The History of the Horse Race

Horse racing is one of the world’s oldest and most beloved sports, having been practiced throughout history by various civilizations. Both spectator and betting industries enjoy it; its basic principle remains unchanged throughout time – any horse that crosses the finish line first is declared the victor. While over time this form has developed from simple two horse contests into complex spectacles with large fields of runners, sophisticated electronic monitoring equipment, and massive sums of money involved, its core integrity remains undiminished.

Horses are powerful animals with instinctive protective instincts and understand self-preservation, yet horses found on racetracks are subjected to human riders on their backs who use whips to force the animals at breakneck speeds at which many injuries and deaths result. Unfortunately, these races will continue until an industry-wide cultural shift takes place that changes how it all occurs.

Restructuring will require both macro-business and industry levels, as well as individual stable levels; this will involve an introspective reckoning among horsemen and women as well as an overhaul in how horseracing is run, from breeding, training and race-day care. It will take public pressure for this monumental undertaking to happen.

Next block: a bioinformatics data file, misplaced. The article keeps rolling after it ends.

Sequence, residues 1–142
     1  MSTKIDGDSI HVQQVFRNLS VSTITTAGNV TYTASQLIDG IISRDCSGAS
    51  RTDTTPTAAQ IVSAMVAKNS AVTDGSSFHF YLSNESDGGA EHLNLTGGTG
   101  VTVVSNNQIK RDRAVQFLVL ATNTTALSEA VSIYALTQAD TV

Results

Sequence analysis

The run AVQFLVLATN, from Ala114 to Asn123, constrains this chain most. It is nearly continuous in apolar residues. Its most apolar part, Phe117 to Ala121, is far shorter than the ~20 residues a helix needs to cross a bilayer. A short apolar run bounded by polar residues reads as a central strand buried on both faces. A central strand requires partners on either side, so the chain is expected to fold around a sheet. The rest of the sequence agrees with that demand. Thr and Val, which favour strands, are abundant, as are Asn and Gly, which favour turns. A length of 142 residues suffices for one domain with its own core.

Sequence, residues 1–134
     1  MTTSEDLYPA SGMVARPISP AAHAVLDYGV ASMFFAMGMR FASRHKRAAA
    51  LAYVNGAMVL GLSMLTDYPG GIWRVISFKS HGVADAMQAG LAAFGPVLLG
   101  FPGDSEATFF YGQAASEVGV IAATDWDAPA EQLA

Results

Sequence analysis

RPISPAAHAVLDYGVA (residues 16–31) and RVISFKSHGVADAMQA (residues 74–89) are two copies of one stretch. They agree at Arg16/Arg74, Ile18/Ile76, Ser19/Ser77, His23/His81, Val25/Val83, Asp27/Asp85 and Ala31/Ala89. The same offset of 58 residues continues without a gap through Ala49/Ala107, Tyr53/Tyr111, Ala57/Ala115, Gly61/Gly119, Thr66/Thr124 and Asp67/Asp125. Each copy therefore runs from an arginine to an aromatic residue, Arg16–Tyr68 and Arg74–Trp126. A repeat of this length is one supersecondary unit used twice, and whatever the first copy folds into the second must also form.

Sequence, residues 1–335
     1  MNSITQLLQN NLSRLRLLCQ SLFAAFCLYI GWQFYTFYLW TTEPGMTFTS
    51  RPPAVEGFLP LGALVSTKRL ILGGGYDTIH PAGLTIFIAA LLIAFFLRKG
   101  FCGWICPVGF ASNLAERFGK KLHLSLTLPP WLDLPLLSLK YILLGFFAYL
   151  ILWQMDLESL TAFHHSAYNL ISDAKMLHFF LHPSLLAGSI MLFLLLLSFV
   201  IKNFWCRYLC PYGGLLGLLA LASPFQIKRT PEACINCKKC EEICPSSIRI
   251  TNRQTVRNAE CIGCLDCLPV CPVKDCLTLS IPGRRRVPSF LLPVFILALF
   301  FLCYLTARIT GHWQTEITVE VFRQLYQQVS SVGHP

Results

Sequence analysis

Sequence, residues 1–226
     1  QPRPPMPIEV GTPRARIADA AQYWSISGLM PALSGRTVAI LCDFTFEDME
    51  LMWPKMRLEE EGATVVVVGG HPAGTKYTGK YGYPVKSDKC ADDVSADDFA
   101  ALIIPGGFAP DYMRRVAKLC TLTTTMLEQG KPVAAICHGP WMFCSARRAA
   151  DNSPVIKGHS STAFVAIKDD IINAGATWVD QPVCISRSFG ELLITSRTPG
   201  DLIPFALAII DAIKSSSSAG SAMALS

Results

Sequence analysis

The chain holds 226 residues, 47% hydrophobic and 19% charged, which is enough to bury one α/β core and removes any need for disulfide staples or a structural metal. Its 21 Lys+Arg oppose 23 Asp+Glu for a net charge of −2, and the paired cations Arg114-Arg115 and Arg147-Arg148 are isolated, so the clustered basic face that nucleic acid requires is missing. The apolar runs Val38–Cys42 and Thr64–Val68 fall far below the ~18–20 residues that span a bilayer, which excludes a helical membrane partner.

There has been much discussion in the press regarding how journalists should cover elections differently–particularly when reporting polling data, an approach known as “horse race journalism” by critics who claim news outlets place too much focus on two candidates jockeying for top position at the expense of primary candidates and third party candidates. Yet another horse race can provide journalists with lessons: steeplechase racing history.

A steeplechase is a long-distance endurance race featuring obstacles for horses to jump over. Often considered one of the most difficult and dangerous horse races, requiring speed, stamina, agility and stamina from both horse and rider to successfully complete. Dating back as far as 5th century BC with modern technology improving the obstacles’ sturdiness but remaining an extremely demanding test of both physical and mental stamina; steeplechases remain popular sports today!